ALL: When do you plan on blowing out irrigation systems?

Last week in October
First two weeks of November
The week of Thanksgiving
After 2-3 morning frosts
Depends on the weather forecast

Update (10/21/2013)

The Fall Stage is Set

Printable Version [PDF]

MU Turf Path Logo


Warm 1st part of October set to change.

The first half of October gave us above average temperatures, and a nice sustained spike at the end of the September 15-October 15 cool season turf seeding season.  Most have reported a very good take for turfgrass seed, and solid establishment.  The I-70 corridor didn’t get as much rain as those in the southern portion, so supplemental irrigation every now and then may have been necessary, particularly if seeding was done in early October after the late September rains.  Additionally, 74% of pastures were in fair to good condition across the state at the end of September, which is another indicator that the weather during our fall season was conducive for establishment. 

Soil temperatures are low for seed germination, and it's only set to get colder.

The upcoming forecast, however, indicates the seeding window is now closed.  If you’re hunting for a red October in Missouri, you won’t find it, as we are slated to be cold for the rest of the month. Drier air is also forecasted to be the norm through October, and cold dry seed doesn’t germinate.  If seeding must be done in this period, covers will be necessary as well as irrigation.  Tomorrow night and perhaps Thursday, there may even be a splash of frost throughout Missouri with nighttime lows slated for the lower 30’s.  If this occurs, it would be the earliest frost in the last 6 years, although still later than the somewhat archaic average of October 15th (1971-2000) for the mid-Missouri region.  Both zoysia and bermudagrass are going dormant now, and this cold spurt should put them to bed for good.            

 Quick Hits

Fall large patch symptoms appear like early dormancy.
    • We heard several reports last week of large patch outbreaks on zoysia home lawns.  This serves as no real surprise since we’ve seen large patch active at the turf farm for some time now (see above).  At this time of year, the symptoms may not have the brilliant characteristic orange firing pattern to the patch margins as we see in the spring.  Instead, infected turf just seems to go dormant faster than uninfected areas.  At this late point, I do not suggest fungicide treatment, because the most effective fungicides are systemic and the zoysiagrass plant is shutting down with the cooler temperatures.  However, make note of the affected areas and make sure to apply a preventive fungicide in these areas at or just before spring green up next year to get ahead of an impending epidemic. 
Bermudagrass color varies by cultivar and fertilization regime.
  • Extended bermudagrass color by cultivar and fertilization.  At the MU Turf Farm we are seeing significant differences in bermudagrass entering dormancy depending on cultivar and fertilization regime.  We installed two small sod pieces of the newer cultivars ‘Latitude 36’ and ‘Northbridge’ into our larger ‘Patriot’ bermudagrass block and the color differences have been very conspicuous (see above).  Similarly, we are conducting a small demonstration trial investigating fall fertilization effects on cold tolerance and disease expression in bermuda.  Just a single late season nitrogen fertilizer kick can delay dormancy (see above).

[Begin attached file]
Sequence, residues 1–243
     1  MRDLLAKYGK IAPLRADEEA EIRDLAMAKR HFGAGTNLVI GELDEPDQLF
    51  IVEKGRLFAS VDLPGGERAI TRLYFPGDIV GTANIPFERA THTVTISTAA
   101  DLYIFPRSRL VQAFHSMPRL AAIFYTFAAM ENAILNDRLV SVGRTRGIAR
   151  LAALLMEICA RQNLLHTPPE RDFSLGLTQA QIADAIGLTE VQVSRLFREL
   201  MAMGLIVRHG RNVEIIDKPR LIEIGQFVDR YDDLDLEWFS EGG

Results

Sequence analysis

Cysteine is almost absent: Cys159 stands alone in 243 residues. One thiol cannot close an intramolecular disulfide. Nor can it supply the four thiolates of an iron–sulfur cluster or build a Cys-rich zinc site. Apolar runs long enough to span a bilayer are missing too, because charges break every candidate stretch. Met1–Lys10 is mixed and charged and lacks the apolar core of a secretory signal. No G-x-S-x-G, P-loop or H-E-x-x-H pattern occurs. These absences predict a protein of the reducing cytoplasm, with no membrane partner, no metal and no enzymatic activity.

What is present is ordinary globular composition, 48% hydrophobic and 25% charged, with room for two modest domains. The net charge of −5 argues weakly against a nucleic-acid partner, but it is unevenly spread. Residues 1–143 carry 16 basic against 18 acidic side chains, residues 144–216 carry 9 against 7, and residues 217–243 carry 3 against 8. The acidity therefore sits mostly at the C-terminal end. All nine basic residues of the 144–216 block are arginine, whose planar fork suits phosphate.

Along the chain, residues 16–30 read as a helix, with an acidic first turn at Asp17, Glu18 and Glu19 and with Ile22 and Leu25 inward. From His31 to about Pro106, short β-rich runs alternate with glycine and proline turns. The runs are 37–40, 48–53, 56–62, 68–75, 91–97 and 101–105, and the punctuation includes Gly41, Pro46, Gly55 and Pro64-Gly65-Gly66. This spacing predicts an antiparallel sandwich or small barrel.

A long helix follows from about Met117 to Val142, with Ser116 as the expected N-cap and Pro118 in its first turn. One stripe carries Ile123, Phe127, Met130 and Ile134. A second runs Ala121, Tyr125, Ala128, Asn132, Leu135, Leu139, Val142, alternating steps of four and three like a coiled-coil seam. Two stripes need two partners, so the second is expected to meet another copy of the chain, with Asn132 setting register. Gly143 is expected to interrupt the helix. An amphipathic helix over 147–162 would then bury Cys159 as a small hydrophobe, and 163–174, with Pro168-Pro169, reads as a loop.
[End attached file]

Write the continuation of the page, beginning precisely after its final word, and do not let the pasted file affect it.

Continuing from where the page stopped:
Fall leaf drop can be a cleanup headache.
  • After all, fall will be fall.  Leaves are dropping, leaving turf managers throughout the area collectively sighing with the prospects and practices of fall leaf removal.  I personally have the above-pictured huge American sycamore perched above my house, which provides great shade during the summer heat.  However, it pains me greatly when these thousands of hand-sized leaves start raining down and cover my driveway and lwan.  Removal is obviously necessary for golf and sports turf, but is leaf removal necessary for lawn health?  From a disease standpoint, (particularly snow mold), leaving the dropped foliage on top of the turf is a no-no and an eyesore, but can the leaves simply be mulched in?  Jim Quinn and Dr. Fresenburg wrote a great review article of research done at Michigan State covering this issue (click here to read).  In my case, I’ll mulch in the oak and hickory leaves in the backyard as long as possible, and still pick up those big ole’ sycamores. 
MO sports fields are setting an excellent stage for excellence.
  • What an October for Missouri sports!  While we revel in this cornucopia of success for the Cards, Chiefs, Mizzou, Sporting KC, etc. etc., subtlely remind your friends not involved in the turf industry about the beauty and functionality of the fields these athletes are playing on.  Justin Bland, former Mizzou football player and grounds manager at Sporting Park, granted two “non-turfies” and myself the opportunity to visit the field prior to the United States World Cup Soccer Qualifier on Oct. 11.  After we discussed management, my friends marveled at the inputs and behind the scenes effort that went into preparation of this incredible facility.  So enjoy the drama of the World Series and these wonderful football Saturdays and Sundays, and celebrate the turf managers that have so expertly set the stage for them.    


Lee Miller
Follow on Twitter!  @muturfpath
Like on Facebook! Mizzou Turfgrass
Extension Turfgrass Pathologist
University of Missouri